What is Compounding?
Over the last 100 years, the practice of pharmacy has moved from the pharmacist preparing medicines to the pharmacist packaging medicines made by pharmaceutical companies. However, one size may not fit all. In order to customize medicines for people or pets, doctors will often work with compounding pharmacists like Scott to develop medicines, or methods of delivering medicines (i.e. a liquid instead of a capsule), that may not be commercially available. Scott his team prepare compounded medicines in Watson’s in-store compounding laboratories (at both Main St. and Wellington St.). We are a proud member of the Professional Compounding Centers of America (PCCA) which ensures our team has access to the latest resources and training in the field of compounding.
How can compounding help you?
Compounded medicines typically require a prescription. Scott and his team work closely with physicians to determine what will work best for a patient’s specific needs. There are countless examples of how compounding can offer some creative methods of treating medical conditions.
Pharmacist Agatha Dwilewicz leads a compounding workshop for kids at Watson’s
For example, for those with swallowing difficulties or nausea, creams or gels can be made to carry medicine through the skin. In addition, tasty liquids can be made to carry drugs for a child who is reluctant to take his or her medicine. A drug that is used with some success in hair loss is Minoxidil. A compounded Minoxidil solution may be prepared in various strengths, and perhaps combined with other medicines used to treat hair loss. Products for head lice sometimes just don’t seem to help. It is possible to prepare specially designed shampoos to treat lice that may be resistant to commercial preparations. Dark spots that appear on skin may be lightened with specialty creams that contain a variety of antioxidants. Many compounded formulae exist for this purpose. A painful nerve condition called neuropathy is hard to treat, even with new medications on the market. Creams may be designed with a variety of pain-relieving agents that offer another alternative. For those suffering from pain due to inflammation, creams can be designed to deliver anti-inflammatory agents directly to the area affected.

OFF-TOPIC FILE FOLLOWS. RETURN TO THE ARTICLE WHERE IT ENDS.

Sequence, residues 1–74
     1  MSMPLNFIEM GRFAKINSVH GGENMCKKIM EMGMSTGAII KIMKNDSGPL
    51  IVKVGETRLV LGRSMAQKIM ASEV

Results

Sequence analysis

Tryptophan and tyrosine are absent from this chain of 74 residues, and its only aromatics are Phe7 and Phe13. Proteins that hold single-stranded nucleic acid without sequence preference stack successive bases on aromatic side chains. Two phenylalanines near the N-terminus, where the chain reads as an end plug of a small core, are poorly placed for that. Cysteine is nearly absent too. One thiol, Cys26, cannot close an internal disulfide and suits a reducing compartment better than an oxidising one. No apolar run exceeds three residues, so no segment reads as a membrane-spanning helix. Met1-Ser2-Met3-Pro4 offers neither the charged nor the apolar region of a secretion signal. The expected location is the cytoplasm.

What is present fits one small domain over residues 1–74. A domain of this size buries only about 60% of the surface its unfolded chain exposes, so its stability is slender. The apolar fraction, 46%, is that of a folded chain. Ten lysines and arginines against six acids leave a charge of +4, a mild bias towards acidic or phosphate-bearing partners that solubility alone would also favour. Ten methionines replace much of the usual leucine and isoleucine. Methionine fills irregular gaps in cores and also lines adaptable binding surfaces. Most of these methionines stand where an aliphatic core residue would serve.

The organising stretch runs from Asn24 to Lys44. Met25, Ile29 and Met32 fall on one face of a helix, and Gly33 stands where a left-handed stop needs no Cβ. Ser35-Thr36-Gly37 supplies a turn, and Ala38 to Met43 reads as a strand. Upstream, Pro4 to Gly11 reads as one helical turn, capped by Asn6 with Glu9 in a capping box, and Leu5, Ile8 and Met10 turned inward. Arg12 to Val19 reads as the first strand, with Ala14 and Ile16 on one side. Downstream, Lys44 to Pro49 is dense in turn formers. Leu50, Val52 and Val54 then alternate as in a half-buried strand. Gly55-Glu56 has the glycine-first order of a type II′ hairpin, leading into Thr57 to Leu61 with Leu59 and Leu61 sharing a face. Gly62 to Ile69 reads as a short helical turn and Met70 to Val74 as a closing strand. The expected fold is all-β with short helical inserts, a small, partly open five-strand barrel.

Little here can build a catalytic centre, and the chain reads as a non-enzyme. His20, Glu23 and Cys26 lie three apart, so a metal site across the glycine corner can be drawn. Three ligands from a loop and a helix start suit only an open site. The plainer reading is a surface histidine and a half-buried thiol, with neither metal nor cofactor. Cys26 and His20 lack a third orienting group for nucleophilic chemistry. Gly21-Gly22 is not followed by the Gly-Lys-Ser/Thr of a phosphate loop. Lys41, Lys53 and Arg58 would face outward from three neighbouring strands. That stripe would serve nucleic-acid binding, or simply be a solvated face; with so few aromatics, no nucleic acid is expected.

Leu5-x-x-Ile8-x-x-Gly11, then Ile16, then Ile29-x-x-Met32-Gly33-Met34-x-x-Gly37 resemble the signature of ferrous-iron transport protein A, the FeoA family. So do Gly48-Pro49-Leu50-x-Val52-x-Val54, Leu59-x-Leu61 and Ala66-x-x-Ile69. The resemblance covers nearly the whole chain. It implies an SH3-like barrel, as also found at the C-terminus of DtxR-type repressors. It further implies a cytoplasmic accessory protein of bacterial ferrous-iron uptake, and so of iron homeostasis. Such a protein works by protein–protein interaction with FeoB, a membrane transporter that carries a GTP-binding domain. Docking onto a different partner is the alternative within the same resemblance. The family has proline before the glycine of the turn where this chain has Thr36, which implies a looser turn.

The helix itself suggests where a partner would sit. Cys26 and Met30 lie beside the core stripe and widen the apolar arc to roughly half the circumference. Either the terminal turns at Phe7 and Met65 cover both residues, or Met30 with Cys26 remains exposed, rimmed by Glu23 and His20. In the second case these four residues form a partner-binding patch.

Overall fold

Even pets can benefit from medicines compounded into capsules, flavored liquids and tasty chewy treats….just ask Lucky, Scott’s cat!
Bioidentical hormones are an option worth exploring for women experiencing the symptoms of menopause but who are reluctant to try traditional hormone replacement therapy. Bioidentical hormones are derived from plants and have the exact same chemical structure as hormones produced within the human body. Creams can be designed with various strengths and combinations of hormones – whatever is best for that particular person.